Network policy enforcement – It may seem extreme to create pre-emptive blocks, but your brand’s reputation is worth far more than a few employees feeling annoyed that you cannot just trust them to follow policy. Optimized solutions are able to create effective blocks for tagged traffic patterns, preventing disasters from striking with a single click.

Network protection – Real time protection is nearly impossible to overemphasize, and particularly where DNS security is concerned. When built in a layered design, it will allow you to know that any malicious activity or malware in the system will be identified before it can wreak havoc. A solid solution incorporates botnet, APT and malware or ransomware protections.

Network management – Proper defence of the DNS and network is impossible without the clarity of network assessment and evaluation. Where are your vulnerabilities? Where is there wasted bandwidth? What is the nature of the traffic? It is only through clear data that you are able to make informed decisions about the nature of threats inside or outside of the network.

This is a system of defence that will only enhance your brand. While more and more threats appear, and more and more global names (think Airbnb, PayPal and Sony) are threatened by breaches and botnets, you can easily implement DNS security solutions when you turn to the qualified experts.

Your DNS and IoT Vulnerabilities

Your DNS and IoT VulnerabilitiesAre you properly defended? In the sense of your computer and network safety, do you feel you have a good defence in depth strategy? This is not something to take lightly, and if you wish to truthfully answer yes, you have to be sure you have defences such as a DNS firewall, advanced malware protection, cloud security solutions, and more. Let us take a moment to understand just why this is important to anyone online.

Consider this – the source code for the Mirai botnet was shared online in late 2016. This is a form of malware that converts networked IoT devices into remote controlled bots. These are then used in enormous numbers to perform network attacks at an astonishing scale. In fact, the Mirai botnet actually knocked the entire nation of Liberia offline.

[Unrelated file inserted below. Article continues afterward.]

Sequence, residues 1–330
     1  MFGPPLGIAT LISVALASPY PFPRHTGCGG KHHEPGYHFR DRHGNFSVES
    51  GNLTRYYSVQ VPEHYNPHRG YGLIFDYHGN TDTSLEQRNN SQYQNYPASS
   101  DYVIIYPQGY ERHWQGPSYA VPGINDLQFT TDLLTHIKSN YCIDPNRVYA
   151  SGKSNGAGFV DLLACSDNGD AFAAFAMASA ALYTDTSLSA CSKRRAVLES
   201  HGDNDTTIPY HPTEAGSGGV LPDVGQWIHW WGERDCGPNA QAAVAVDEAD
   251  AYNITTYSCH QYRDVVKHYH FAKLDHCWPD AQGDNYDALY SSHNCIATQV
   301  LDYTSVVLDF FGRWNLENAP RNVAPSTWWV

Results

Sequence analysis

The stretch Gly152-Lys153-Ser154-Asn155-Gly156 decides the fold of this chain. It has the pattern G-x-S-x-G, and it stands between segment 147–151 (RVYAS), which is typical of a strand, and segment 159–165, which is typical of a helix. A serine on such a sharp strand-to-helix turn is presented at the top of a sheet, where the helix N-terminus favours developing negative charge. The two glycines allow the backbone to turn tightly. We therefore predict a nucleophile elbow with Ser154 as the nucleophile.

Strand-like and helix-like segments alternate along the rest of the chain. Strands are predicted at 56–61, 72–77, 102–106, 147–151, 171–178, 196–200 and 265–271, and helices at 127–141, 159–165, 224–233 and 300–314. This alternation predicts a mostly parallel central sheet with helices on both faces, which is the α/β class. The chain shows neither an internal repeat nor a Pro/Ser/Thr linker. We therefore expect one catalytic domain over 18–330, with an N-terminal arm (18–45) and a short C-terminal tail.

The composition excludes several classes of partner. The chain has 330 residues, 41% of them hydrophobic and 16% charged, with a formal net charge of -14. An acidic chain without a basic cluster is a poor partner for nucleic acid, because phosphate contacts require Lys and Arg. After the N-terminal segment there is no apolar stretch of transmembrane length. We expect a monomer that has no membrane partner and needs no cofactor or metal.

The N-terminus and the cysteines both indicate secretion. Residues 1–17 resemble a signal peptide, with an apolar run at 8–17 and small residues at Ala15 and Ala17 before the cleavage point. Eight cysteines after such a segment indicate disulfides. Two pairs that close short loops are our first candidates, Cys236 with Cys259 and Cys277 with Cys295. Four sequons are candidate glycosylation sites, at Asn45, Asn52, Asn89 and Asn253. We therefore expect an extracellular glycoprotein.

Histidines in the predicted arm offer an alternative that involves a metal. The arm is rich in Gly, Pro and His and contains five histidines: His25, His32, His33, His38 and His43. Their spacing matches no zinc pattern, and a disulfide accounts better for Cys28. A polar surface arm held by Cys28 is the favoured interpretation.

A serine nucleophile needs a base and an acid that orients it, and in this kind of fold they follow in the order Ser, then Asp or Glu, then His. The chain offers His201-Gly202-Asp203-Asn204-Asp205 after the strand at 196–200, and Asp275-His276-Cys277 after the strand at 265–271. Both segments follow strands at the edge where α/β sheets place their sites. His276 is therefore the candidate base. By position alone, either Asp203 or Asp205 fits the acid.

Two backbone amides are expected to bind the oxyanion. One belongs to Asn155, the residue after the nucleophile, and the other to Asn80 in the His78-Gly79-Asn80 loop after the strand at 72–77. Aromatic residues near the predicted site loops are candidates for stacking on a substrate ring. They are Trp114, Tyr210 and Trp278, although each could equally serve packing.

Once the Mirai botnet was shared, though, it split many times over, and now there are multiple Mirai derivatives at work. While you may not yet know what that means to you in terms of security, it is safe to say that you do not want to become victim to it – whether as a business owner or consumer.

To understand why a strong DNS firewall, real time malware protection, and internet security services are important, we need to look at what happened when the Mirai botnet set to work in October of 2016.

Mirai at Work

When the malware had infected enough machines, it attacked and disrupted websites as famous as Airbnb, PayPal, Spotify and the PlayStation network. It did this by taking over IoT (Internet of Things) devices like baby monitors, CCTV systems, DVRs and routers. Though you may not think that the processing power of your CCTV system would amount to much, imagine millions of devices pooling their resources…this is how the Mirai botnet (and many other botnets) operate.

What did it use the power for? It performed a DDoS or distributed denial of service attack that flooded the systems at a firm known as Dyn, a cloud DNS provider. While IT experts are consistently advising against online businesses relying strictly on a single DNS provider in order to ensure accessibility even when under an attack, there are steps that you can take directly to protect yourself.

Considering Real Time Solutions

A DNS firewall is easily one of the strongest ways to overcome the risk of IoT vulnerability, botnets, malware and other threats. It will prevent system connections to known or recognized malicious locations. However, it can also make you aware of the presence of botnets within, or threatening, your network. Because the availability of your website (which is your business) is linked to the availability of your network, you have no real choice but to find ways to implement DNS security solutions. It is the availability of those DNS services that make you reachable, and the botnet attacks are directly targeting this accessibility.
Until IoT devices and other vulnerabilities that plague the Internet are remedied, it is best to find options for a DNS firewall, DNS security solutions, advanced malware protection and other cloud security solutions.

Ransomware nets $1 Million from Korean Web Provider

We knew that WannaCry wasn’t going to remain the biggest ransomware news for long, but we certainly didn’t expect the next big thing to strike so soon either. Earlier this week, a ransomware gang managed to collect the biggest known ransomware payout in history, a cool $1 Million USD.

The WannaCry operation, which affected over 200,000 computers in 150 countries, only managed a total of $142,479 worth of bitcoin as of June 24. Not bad, but certainly not as lucrative as $1 000,000.00.

Aside from the type of ransomware used, the major difference between these two record-setting ransomware incidents is the scope of the attacks. WannaCry was designed to be more of a “spray and pray” type of attack and hence had a larger scope. This new attack, on the other hand, was a targeted attack aimed at only one company.